Defining Digital Libraries
Gregory, Gwen M., Information Today
This book details what they are, how they developed, and ways they're used
Digital Libraries William Y. Arms Cambridge, MA: The MIT Press, 2000 ISBN: 0-262-01180-8
I'm sure that you've heard of digital libraries. But do you really know what that term means? Would you know a digital library if you ran into one? What are some of the important features of a digital library? How do they compare to traditional print libraries? If you'd like to get an overview of what digital libraries are and how they've developed, Digital Libraries by William Y Arms is the book for you.
Arms is a computer science professor at Cornell University. He has been involved in the development of various digital library projects and was also one of the founders of the online journal D-Lib Magazine, which has served as a forum for interdisciplinary communications in the field. In this book, Arms defines a digital library as "a managed collection of information, with associated services, where the information is stored in digital formats and accessible over a network." They range widely in size, specificity, and subject. Some are available free of charge and others are not, although Arms strongly supports those that are free.
Digital Libraries emphasizes the importance of interdisciplinary work in digital library development: "Computer scientists are often unaware of the deep understanding of information that librarians have developed over the years. Librarians and publishers may not know that the Internet pioneers have been managing online information for years." Arms sees this convergence of computers and information needs as the driving force behind the creation of digital libraries. "The real story of digital libraries is the interplay of people, organizations, and technology," he explains.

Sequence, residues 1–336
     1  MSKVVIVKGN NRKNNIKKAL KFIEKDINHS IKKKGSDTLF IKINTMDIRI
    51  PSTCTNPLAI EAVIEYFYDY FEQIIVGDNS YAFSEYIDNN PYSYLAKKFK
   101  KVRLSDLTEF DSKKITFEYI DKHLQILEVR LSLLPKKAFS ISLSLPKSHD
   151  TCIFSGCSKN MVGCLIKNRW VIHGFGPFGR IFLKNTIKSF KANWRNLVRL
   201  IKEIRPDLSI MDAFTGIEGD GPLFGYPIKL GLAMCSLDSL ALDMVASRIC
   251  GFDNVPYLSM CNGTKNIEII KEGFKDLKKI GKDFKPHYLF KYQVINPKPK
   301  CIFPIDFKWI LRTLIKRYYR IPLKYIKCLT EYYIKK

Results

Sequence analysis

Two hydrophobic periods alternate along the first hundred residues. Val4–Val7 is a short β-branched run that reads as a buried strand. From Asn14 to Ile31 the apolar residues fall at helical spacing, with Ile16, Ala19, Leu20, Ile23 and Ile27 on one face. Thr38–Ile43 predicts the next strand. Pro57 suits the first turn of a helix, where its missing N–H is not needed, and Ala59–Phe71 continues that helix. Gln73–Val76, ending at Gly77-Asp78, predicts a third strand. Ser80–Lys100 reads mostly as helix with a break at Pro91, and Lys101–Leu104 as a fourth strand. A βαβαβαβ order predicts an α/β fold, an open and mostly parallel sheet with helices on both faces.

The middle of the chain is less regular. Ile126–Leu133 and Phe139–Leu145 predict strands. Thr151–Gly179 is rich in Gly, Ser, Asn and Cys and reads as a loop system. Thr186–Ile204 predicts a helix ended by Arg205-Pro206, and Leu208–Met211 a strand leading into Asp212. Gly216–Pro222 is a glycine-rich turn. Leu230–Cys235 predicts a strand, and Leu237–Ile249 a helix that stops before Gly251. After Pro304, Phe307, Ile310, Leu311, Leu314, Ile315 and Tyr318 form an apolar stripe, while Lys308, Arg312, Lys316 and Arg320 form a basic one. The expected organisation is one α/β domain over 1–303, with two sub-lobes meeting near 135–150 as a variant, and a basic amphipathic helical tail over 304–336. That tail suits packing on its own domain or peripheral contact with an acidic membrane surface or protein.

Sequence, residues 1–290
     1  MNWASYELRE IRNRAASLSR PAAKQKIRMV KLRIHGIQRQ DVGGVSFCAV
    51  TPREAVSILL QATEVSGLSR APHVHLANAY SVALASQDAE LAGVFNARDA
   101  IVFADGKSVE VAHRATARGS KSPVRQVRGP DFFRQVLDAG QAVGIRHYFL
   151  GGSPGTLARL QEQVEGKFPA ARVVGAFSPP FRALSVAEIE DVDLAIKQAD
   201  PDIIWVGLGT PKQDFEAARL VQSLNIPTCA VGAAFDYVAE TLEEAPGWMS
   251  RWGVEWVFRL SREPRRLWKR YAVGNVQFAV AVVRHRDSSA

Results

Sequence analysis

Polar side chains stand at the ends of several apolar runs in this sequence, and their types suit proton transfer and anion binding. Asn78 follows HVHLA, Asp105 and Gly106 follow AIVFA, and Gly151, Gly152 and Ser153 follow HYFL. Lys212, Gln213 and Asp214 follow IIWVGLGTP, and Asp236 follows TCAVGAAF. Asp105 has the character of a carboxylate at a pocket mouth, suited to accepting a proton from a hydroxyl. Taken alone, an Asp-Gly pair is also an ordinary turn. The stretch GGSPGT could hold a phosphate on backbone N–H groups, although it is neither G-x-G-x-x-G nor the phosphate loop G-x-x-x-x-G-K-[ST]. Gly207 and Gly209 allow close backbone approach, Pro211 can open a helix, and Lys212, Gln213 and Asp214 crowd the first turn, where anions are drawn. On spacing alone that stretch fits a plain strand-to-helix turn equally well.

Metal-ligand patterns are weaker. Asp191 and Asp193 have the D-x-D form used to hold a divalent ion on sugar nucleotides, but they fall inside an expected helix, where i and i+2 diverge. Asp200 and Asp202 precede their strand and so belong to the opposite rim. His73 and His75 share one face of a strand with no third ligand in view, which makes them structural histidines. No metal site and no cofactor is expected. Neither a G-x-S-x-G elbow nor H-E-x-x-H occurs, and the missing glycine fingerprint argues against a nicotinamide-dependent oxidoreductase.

Arms is obviously quite impressed with the information prowess of librarians. Digital Libraries is full of praise for librarians and their traditional tasks of organizing information and helping people find it. He notes, "Libraries have a proud tradition as early adopters of new technology," and cites such examples as MARC and OCLC. He seems to have a good understanding of library principles and practices (for a non-librarian).
Digital Libraries is divided into 14 chapters, each covering a different area of digital library development and use. Arms' general practice is to give a brief introduction to a topic and then develop it, discussing details about specific aspects as he goes. Librarians may find the chapters about libraries to be too basic, but computer scientists and others may appreciate the insights there. …